Where other people see rocks and cliffs, our geologist student blogger Jesse Zondervan sees another world. Join him as he visits Jervis Bay. This blog was originally posted on the ANU science student blog.
A little kangaroo under a beach umbrella sticks his tongue out at us. A small group of beachgoers surround him, but he seems unperturbed as he lies down to relax.
The Deep Carbon Observatory (DCO; https://deepcarbon.net/) is an organization that investigates the carbon cycle. Researchers from all over the world are linked to this organization in four communities: extreme physics and chemistry, reservoirs and fluxes, deep energy, and deep life. We explore the behavior of carbon at extreme pressure and temperature conditions, how much carbon there is in which reservoirs and how it moves, how it changed over time, and the extreme conditions of life.
This weeks post is from third year Msci geology exchange student Jesse Zondervan who has been visiting RSES for the last year. This was originally posted on the 10th April on Jesse’s personal blog site.
By Jesse Zondervan
The two week mid-semester break started off with a field trip to Wee Jasper, in the bush of New South Wales. After five days of walking around in a field shirt and hat without phone signal I arrived back in civilization on Wednesday evening. Back in Canberra I spent the rest of my time writing for my assignments and the student newspaper. I also worked on the microscope with Janelle and played some boardgames with the B&G boardgames society.
A field trip takes student blogger Jesse Zondervan to a classroom in paradise on the Great Barrier Reef. This was originally posted on the ANU Science student blog.
By Jesse Zondervan
In a silent group of people, I stand in the dark on a white beach. I listen to sea turtles digging their nests. Torches are not allowed because they may blind the turtles or scare them away to waste their eggs in the sea.
Heron Island is our one-night stopover to One Tree Island, a research island on the Great Barrier Reef, where we’ll be doing a field course for ten days.
by Patrick Goodarzi
True to academic stereotypes, it seems whenever sport is mentioned in these pages it is often followed by some combination of the words failure, embarrassment, or disgrace. This occasion is to be no different. Our opponents this time were the fully fledged academics and staff of RSES – ostensibly further down the line of sporting ineptitude. The day was mid April and the game was cricket. In hindsight, a poor choice of sport and one that played directly into the staffs’ hands – a predominantly matured group from Commonwealth nations for whom the idea of standing idly in a field for half a day was an exhilarating prospect. In contrast, our ragamuffin bunch was cobbled together with students from diverse backgrounds, to many of whom cricket was a foreign curiosity. All, however, were delightfully keen. Perhaps they sensed the magnitude of the occasion. Or more likely some cultural fulfilment to be had. Continue reading “Just Not Cricket”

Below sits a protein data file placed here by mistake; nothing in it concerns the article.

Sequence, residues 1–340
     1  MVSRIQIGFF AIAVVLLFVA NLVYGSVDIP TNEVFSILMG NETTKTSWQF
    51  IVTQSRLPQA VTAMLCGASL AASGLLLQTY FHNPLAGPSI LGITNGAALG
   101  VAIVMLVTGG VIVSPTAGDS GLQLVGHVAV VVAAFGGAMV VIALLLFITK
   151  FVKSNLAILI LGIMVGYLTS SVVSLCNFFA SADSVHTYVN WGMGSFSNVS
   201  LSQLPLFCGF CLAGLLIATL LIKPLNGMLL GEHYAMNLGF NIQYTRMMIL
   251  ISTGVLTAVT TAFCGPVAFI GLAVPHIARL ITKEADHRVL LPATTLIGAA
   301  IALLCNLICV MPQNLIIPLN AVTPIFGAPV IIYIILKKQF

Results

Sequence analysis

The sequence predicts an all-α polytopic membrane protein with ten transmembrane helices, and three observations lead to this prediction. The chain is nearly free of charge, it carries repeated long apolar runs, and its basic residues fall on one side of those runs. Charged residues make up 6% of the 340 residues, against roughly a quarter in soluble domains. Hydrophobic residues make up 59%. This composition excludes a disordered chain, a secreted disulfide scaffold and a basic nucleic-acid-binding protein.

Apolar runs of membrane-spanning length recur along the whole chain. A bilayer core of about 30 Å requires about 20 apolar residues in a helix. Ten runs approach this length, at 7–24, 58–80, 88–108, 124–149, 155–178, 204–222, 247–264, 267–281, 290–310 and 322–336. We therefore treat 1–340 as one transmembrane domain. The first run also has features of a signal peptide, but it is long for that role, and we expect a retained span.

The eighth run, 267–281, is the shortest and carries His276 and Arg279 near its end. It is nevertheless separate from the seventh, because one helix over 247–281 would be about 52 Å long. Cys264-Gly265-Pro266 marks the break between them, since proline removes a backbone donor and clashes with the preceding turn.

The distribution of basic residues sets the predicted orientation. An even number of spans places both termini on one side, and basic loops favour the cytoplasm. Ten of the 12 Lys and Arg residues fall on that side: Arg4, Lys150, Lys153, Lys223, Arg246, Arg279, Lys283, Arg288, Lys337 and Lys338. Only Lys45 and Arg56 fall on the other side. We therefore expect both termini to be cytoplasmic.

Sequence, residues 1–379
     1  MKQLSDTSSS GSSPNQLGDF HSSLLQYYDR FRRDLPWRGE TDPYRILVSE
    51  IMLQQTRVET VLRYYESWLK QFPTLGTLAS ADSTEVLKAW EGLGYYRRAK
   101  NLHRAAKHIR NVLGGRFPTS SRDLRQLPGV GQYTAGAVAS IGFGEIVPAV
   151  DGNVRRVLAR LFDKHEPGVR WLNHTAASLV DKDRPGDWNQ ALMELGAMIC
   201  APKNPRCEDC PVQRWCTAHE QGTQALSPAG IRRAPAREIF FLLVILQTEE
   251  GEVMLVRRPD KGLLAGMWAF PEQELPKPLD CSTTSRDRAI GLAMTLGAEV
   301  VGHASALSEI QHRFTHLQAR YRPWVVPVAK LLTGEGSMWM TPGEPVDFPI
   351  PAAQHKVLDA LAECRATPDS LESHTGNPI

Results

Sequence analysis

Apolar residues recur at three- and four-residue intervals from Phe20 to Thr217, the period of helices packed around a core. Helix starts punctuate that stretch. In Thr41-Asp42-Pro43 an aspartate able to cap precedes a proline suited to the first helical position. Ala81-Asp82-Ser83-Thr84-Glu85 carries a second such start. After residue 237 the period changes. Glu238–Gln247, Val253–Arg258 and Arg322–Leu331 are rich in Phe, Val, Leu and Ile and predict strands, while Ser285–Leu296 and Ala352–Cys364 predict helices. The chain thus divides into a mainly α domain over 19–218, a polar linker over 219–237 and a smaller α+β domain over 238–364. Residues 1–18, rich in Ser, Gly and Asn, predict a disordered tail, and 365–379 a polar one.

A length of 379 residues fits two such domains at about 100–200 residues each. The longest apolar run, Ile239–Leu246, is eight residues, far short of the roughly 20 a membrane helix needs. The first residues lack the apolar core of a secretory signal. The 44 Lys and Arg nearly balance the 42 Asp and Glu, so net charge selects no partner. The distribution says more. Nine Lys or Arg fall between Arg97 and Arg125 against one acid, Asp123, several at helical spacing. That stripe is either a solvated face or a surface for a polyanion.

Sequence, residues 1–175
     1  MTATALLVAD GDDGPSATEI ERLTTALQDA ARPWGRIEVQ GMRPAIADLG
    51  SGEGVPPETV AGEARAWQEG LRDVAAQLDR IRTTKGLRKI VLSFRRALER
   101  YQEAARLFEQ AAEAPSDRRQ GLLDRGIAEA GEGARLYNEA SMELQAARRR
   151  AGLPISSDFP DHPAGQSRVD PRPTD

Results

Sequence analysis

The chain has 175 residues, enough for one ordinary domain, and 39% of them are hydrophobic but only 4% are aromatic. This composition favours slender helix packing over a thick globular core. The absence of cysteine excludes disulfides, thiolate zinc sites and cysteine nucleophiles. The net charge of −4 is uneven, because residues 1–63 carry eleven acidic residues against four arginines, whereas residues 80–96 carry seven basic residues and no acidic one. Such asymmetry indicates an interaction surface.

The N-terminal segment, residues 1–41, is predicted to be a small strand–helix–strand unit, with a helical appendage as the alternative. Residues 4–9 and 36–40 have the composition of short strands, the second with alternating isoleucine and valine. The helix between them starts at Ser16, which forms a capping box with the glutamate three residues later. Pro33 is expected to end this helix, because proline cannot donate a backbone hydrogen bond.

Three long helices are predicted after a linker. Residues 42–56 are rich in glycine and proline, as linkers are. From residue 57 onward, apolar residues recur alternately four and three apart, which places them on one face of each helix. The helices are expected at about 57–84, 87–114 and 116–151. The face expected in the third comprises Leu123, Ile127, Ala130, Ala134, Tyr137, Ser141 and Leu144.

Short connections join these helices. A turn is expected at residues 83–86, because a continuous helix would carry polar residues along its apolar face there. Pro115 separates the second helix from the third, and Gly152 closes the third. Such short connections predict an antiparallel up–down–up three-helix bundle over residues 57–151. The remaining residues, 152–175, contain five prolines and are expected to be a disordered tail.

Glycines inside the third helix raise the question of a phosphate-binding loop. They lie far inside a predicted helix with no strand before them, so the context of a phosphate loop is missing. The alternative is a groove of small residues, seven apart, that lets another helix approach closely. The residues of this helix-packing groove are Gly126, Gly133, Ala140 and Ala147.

By Ben Nistor
ANU Summer Scholarship at RSES
As the mid-year holidays approach I start thinking ahead to summer. After a hectic start to the year (despite trying to “lighten the workload”) and consecutive summers of full time employment in big cities away I intended to give myself a holiday. This year I would head home and put my feet up. Haha, well that didn’t happen…
By F. Fang
When talking about field work in the Himalayas, I always expect to see amazing scenery and try delicious local food,
However, a more common situation is like this…
By Tim Jones
The ability to search through colossal amounts of data with a few key strokes is one of the most powerful gifts of the digital age. While vastly improving the standard of common knowledge the world over (with no foreseeable limit to this trend), we have opened up areas of research that would be too arduous for humans, or simply never imagined before the rise of digital data analysis. An awesome example of this is Google’s Ngram Viewer, a corpus of digitised texts containing around 6% of all books ever printed. Linguists use it to track changes in language through time, e.g. the usage of “burnt” vs “burned” or the emergence of phrases such as “it takes two to tango”. I’ve used it to track the occurrence of four words between 1800 and 2000; physics, chemistry, biology, and geology. There are some interesting correlations that can been drawn between trends in word usage and the timing of developments and discoveries in these fields of science. For example, geology begins its greatest period of growth from the year 1829, one year before Charles Lyell began publishing his seminal work, Principles of Geology.
By Patrick Goodarzi
Popular wisdom cautions against the worship of false idols. This year’s RSES soccer team chose to eschew this by elevating one player, Pat Carr, to near demigod status. The hopes and dreams of an entire School were pinned to Carr before the first ball had been kicked. Even the team’s name – Pat Carr and the Cardiac Arrests, and later Pat Carr and the Carr-pettes – blazoned the strategy. The role of remaining team members was simply auxiliary. Pat Carr was to be our champion. Our light. Our salvation. In Carr we believed.